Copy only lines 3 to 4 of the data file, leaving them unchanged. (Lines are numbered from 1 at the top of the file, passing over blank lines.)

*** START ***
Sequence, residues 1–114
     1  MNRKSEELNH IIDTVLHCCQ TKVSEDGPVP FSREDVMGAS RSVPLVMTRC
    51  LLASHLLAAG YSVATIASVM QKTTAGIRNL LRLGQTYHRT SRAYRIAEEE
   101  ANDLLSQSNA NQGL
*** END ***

    51  LLASHLLAAG YSVATIASVM QKTTAGIRNL LRLGQTYHRT SRAYRIAEEE
   101  ANDLLSQSNA NQGL